Participants are recruited through health services, community organisations and media advertisements. The study will involve consenting community-dwelling older people, aged 60 years or older with sufficient English language skills to understand study documents. Key exclusion criteria are: residents of aged care facilities; acute medical illnesses, severe psychiatric disorders, progressive neurological diseases including dementia; unstable medical conditions that preclude exercise participation; considered not suitable for study participation by referring family doctor or healthcare worker; have mobility limitations (unable to walk 10 m indoors without the use of a walking aid) and visual impairment that cannot be corrected with glasses. During the COVID-19 pandemic, telehealth set-ups have been introduced which require additional inclusion criteria. Participants are requested to have a support person present who lives in the same house, or is maintaining regular face-to-face contact with the participant, is currently well and can provide supervision and assistance if necessary. Participants who feel that a support person is unnecessary need to be able to step up a street curb without assistance (ie, without using their arms, walking aid or another person) to proceed with the telehealth set-up without a support person. Additionally, in the UK during COVID-19, potential participants who are familiar with strength and balance and known to services could elect to have a telephone setup. Potential participants unfamiliar with strength and balance exercises and who cannot be seen by the exercise specialist/relevant professionals in person or via telehealth will not be recruited until face-to-face becomes available. Participants are not restricted regarding concomitant care, interventions or activity.

StandingTall intervention programme

Figure 1 demonstrates participants flow through the study. All participants will be asked to use the StandingTall exercise programme for 6 months. StandingTall comprises standing balance (eg, standing on the floor and/or foam surface), walking (eg, walking in circles or to targets in a grid), stepping (eg, step and lift) and box (eg, step up and over a box) exercises. Exercises are delivered through on-screen animated instructions with video demonstrations and tips. The StandingTall programme delivers unsupervised and progressive balance exercises using digital technology (computer/tablet and internet). The StandingTall programme progresses the weekly exercise dose from 40 min in the first 2 weeks to 2 hours from week 9 onwards, through fortnightly 20 min increases. Exercise intensity is individually tailored using a modified perceived exertion 5-point Likert scale (1=unstable, 5=very stable). Exercise intensity rating modifies the exercises to ensure they are of moderate-to-high challenge and increases/maintains/decreases exercise intensity according to the user’s rating of ability. Participants can choose the timing and duration of their sessions.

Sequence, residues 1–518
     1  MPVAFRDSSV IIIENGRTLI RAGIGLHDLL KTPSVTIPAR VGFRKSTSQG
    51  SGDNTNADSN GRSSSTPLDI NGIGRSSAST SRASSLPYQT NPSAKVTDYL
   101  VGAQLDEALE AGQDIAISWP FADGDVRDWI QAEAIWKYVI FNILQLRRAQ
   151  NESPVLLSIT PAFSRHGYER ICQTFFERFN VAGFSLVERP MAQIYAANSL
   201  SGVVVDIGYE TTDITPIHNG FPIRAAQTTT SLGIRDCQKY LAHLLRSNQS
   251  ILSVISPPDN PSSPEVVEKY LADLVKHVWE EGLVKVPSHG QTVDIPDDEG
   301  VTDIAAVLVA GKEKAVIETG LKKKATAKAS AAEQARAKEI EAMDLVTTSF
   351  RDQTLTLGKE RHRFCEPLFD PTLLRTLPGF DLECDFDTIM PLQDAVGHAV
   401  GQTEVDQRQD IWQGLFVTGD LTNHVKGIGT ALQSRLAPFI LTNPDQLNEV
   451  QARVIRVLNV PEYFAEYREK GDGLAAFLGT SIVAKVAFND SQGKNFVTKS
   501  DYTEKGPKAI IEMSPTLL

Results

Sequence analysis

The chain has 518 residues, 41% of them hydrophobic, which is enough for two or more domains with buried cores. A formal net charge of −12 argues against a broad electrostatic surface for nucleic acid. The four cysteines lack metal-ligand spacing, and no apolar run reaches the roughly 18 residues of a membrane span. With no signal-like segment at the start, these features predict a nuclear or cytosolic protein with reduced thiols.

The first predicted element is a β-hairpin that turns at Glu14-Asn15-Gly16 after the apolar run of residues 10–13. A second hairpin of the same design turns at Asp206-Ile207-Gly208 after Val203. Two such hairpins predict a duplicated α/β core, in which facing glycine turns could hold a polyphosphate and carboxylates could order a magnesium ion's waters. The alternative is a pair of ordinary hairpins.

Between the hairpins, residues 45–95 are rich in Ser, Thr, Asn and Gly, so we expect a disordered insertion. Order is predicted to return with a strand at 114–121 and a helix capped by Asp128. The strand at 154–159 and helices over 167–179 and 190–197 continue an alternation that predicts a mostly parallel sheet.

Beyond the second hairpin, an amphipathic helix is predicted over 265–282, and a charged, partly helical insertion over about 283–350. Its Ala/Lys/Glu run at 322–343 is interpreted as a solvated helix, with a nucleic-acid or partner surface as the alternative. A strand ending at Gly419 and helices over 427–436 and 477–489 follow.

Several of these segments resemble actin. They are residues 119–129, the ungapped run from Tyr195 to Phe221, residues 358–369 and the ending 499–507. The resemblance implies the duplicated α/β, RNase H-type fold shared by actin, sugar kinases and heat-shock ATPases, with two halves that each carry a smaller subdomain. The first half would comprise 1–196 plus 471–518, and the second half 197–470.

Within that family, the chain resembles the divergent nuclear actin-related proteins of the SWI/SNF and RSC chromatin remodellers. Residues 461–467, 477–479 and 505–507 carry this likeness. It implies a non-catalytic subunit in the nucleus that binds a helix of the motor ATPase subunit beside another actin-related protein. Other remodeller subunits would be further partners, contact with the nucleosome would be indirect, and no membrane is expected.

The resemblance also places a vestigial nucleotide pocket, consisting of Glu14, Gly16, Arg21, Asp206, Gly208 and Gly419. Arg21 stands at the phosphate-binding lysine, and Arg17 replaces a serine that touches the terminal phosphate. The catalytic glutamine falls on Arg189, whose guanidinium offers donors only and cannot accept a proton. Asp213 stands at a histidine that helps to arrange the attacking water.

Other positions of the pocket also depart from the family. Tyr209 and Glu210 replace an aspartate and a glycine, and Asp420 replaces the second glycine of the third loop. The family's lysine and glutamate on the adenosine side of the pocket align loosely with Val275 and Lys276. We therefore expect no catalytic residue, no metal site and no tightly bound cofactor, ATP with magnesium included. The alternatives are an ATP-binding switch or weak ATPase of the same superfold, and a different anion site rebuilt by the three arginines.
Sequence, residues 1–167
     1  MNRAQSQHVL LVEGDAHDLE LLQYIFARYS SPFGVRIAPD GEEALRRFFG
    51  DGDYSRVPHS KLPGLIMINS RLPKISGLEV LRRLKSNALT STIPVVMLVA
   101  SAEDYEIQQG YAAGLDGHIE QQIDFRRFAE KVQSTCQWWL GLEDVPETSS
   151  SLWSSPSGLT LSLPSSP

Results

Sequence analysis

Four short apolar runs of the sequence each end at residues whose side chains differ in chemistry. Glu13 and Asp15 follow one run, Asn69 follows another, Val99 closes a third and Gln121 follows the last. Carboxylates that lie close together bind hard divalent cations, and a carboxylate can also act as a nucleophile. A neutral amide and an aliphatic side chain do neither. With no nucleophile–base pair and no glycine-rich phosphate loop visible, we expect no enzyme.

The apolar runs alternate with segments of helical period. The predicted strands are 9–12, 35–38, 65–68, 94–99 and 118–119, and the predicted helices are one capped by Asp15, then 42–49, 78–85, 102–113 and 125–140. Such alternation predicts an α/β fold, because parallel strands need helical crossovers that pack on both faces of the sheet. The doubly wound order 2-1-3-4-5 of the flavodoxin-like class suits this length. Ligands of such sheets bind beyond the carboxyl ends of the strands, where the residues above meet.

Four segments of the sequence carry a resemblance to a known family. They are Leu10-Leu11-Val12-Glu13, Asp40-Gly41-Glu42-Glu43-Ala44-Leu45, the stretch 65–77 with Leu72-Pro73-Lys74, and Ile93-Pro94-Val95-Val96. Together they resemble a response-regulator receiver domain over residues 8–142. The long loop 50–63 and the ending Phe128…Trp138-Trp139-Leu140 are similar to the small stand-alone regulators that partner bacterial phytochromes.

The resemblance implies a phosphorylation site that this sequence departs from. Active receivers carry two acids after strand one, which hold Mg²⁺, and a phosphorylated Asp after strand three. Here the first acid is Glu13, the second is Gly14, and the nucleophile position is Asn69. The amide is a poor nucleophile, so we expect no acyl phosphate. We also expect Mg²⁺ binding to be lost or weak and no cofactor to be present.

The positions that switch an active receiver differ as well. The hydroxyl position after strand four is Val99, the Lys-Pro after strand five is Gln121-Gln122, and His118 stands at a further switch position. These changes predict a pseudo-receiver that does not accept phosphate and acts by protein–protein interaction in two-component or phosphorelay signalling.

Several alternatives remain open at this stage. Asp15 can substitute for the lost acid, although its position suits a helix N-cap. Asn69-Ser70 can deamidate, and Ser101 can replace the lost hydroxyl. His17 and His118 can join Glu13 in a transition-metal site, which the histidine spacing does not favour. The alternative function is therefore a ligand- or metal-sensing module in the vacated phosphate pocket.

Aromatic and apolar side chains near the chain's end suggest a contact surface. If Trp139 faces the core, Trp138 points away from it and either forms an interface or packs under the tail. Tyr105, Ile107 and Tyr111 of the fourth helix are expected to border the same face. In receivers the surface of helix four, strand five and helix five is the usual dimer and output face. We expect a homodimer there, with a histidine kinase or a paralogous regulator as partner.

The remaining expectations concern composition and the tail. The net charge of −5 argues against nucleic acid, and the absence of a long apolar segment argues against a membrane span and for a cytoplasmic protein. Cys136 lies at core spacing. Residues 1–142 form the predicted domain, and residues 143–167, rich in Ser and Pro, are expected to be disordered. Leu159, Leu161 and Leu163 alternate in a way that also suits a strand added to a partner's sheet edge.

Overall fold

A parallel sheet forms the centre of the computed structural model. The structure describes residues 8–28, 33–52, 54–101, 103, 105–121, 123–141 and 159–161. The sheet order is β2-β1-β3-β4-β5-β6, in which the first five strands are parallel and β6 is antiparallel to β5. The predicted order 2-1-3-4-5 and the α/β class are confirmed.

Figure 1

Participants flow through the study.

Online StandingTall training (including safety) is provided for participants, support persons and exercise specialists through the StandingTall website. The training module includes a safety quiz, where an 80% pass mark is needed for participants and exercise specialists to receive access to the StandingTall programme and content management system (CMS), respectively. Before commencing the exercise programme, participants are recommended to have a setup session with an exercise specialist (eg, physiotherapist, exercise physiologist, sports scientist, fitness leader or occupational therapist) with prior experience in delivering exercise to older people and who have completed the online training (figure 1). This session can be face-to-face (as intended originally) or via telehealth/video conferencing (during the COVID-19 pandemic and beyond) and is meant to familiarise the participant with the programme and its features, cover exercise safety and complete a balance assessment and a short exercise session. If at any point, the participant, support person or exercise specialist feel that the telehealth/video conferencing set-up is unsafe, the session will be abandoned until such time that additional safety measures can be implemented, or face-to-face contact can resume.